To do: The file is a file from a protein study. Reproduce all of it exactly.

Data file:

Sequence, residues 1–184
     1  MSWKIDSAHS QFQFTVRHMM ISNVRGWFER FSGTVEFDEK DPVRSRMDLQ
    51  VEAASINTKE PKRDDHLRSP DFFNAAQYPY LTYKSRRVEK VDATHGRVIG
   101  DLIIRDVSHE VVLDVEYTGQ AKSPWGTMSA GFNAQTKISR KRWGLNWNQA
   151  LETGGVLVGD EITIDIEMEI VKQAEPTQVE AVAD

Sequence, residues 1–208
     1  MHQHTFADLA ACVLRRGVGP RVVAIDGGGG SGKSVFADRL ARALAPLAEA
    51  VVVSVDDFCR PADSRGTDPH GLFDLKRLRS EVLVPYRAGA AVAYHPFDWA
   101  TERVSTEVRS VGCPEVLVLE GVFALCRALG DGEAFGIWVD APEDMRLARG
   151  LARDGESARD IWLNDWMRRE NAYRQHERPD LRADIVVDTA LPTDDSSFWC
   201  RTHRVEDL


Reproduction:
Sequence, residues 1–184
     1  MSWKIDSAHS QFQFTVRHMM ISNVRGWFER FSGTVEFDEK DPVRSRMDLQ
    51  VEAASINTKE PKRDDHLRSP DFFNAAQYPY LTYKSRRVEK VDATHGRVIG
   101  DLIIRDVSHE VVLDVEYTGQ AKSPWGTMSA GFNAQTKISR KRWGLNWNQA
   151  LETGGVLVGD EITIDIEMEI VKQAEPTQVE AVAD

Sequence, residues 1–208
     1  MHQHTFADLA ACVLRRGVGP RVVAIDGGGG SGKSVFADRL ARALAPLAEA
    51  VVVSVDDFCR PADSRGTDPH GLFDLKRLRS EVLVPYRAGA AVAYHPFDWA
   101  TERVSTEVRS VGCPEVLVLE GVFALCRALG DGEAFGIWVD APEDMRLARG
   151  LARDGESARD IWLNDWMRRE NAYRQHERPD LRADIVVDTA LPTDDSSFWC
   201  RTHRVEDL